If you experience frequent UTIs (3 or more per year), it’s important that you see your healthcare provider. Not only can they help you manage the uncomfortable symptoms of these infections, but they can also conduct testing to determine the reason for your recurrent UTIs.
The urinary tract is made up of three structures: the kidneys, ureters (ducts through which urine travels to the bladder), and the bladder (a hollow organ that stores urine from the kidneys before being disposed of through urination). This system’s job5 is to make, store, and transport urine. When urination occurs, waste products—as well as bacteria that have entered the urinary tract—are passed from the body through the urethra.
Normally, the urine does not contain any bacteria. The one-way flow of urine from the kidneys out of the body helps stop bacteria from collecting and prevent infections from occurring.
Sometimes, however, these defenses fail. Urinary tract infections begin6 when bacteria enters the urinary tract through the urethra. These bacteria then begin to multiply in the urinary tract, creating an infection.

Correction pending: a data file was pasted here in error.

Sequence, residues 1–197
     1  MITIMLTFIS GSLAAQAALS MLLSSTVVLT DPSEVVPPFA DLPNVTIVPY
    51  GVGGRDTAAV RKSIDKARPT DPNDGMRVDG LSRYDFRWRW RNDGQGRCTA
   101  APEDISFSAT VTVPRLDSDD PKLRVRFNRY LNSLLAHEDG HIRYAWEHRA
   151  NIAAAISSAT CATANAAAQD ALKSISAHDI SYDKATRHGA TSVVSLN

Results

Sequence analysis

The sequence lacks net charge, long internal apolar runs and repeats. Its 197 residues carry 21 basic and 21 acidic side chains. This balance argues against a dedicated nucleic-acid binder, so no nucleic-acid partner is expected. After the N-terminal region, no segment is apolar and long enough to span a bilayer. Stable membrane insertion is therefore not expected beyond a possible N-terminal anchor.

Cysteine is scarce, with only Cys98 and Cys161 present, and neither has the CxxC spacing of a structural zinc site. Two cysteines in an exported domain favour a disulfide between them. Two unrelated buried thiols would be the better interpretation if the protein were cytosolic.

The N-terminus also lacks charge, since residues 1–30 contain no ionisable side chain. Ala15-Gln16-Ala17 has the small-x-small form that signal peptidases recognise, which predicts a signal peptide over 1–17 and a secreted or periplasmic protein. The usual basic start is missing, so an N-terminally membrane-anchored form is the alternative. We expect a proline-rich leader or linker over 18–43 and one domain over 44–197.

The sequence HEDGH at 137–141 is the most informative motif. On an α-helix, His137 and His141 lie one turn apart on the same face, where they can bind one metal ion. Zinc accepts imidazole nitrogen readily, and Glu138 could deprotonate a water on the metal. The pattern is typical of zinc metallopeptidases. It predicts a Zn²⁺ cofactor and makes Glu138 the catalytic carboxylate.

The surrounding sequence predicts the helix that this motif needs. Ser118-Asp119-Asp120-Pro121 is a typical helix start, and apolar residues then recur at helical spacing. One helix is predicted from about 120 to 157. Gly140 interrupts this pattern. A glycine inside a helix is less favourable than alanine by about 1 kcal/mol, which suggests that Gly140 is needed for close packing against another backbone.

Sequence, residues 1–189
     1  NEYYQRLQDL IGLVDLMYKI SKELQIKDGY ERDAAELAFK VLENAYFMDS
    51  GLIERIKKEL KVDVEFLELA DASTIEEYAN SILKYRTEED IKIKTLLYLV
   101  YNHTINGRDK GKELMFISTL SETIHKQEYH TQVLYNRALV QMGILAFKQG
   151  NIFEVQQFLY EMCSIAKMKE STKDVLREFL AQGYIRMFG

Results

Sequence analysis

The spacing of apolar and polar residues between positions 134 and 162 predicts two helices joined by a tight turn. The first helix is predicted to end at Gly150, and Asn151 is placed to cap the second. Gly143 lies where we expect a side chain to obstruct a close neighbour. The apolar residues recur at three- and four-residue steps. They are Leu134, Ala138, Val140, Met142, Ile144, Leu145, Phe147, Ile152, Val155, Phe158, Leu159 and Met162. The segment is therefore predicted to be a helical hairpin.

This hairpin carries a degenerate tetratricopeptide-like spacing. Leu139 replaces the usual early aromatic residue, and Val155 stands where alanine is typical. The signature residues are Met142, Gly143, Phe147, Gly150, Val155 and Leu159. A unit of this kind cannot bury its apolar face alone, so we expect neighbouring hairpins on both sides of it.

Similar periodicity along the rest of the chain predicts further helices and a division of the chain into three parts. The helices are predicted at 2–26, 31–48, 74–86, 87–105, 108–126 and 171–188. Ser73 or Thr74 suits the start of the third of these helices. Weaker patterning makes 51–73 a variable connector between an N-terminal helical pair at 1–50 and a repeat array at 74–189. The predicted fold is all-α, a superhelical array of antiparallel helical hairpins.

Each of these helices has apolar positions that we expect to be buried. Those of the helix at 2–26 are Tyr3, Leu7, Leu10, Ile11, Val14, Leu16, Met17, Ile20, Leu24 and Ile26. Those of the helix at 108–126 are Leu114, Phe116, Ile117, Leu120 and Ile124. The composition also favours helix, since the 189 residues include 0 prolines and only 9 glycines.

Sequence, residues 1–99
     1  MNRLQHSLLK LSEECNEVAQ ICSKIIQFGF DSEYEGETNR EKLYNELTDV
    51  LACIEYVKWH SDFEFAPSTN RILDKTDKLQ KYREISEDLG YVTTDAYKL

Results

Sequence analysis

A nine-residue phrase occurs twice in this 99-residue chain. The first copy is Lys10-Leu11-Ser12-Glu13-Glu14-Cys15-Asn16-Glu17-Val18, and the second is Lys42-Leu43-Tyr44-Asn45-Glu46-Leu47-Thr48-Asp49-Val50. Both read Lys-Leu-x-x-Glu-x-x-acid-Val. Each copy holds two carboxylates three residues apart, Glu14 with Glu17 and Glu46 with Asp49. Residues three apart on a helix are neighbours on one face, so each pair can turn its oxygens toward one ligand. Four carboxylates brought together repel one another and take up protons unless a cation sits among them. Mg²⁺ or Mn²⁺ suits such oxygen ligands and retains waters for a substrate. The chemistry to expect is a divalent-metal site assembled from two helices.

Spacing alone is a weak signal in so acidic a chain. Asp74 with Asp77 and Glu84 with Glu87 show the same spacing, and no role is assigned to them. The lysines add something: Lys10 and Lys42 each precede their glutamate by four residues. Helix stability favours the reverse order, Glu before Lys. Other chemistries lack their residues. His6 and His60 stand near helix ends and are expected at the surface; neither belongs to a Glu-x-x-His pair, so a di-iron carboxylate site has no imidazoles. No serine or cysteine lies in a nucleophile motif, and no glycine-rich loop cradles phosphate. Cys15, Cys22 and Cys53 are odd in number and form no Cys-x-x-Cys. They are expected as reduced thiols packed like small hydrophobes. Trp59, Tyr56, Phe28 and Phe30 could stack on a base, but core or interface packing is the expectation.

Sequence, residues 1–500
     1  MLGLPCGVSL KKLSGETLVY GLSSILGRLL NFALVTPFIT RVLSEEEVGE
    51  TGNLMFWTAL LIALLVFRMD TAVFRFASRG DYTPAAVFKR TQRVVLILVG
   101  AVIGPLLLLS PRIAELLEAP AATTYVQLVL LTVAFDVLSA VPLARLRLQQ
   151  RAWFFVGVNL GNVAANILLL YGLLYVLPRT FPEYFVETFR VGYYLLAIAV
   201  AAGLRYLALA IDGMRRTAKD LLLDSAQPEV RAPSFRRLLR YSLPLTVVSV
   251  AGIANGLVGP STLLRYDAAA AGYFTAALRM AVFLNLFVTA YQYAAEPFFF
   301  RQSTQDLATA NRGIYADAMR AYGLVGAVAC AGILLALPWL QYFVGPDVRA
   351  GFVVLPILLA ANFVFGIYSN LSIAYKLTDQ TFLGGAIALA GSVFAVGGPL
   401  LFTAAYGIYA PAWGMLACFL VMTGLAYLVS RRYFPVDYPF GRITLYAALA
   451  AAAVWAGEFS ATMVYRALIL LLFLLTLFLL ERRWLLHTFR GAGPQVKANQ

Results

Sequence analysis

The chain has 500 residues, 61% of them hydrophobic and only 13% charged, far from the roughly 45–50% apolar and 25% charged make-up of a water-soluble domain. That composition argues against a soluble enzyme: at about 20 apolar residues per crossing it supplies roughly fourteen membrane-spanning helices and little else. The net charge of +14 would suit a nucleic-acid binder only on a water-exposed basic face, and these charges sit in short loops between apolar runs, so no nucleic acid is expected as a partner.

Different types of UTIs
There are multiple ways of classifying UTIs. One way of distinguishing between different types7 of UTIs is according to where the infection occurs.
Three main types of urinary tract infections are:
- Cystitis (bladder infection): Cystitis8 is most commonly caused by the bacterium Escherichia coli (though some other types of bacteria may be responsible). These bacteria, more commonly known as E. coli, are frequently found in the gastrointestinal (GI) tract.
In some cases, having sex may play a role in the development of cystitis. This does not mean that it is a sexually transmitted infection (STI)—you can get cystitis even if you aren’t sexually active. Like any other UTI, it is caused by the transmission of bacteria into the urinary tract.
Women have a higher risk than men for getting cystitis because of the shorter distance between their urethra and anus and the urethral opening to the bladder.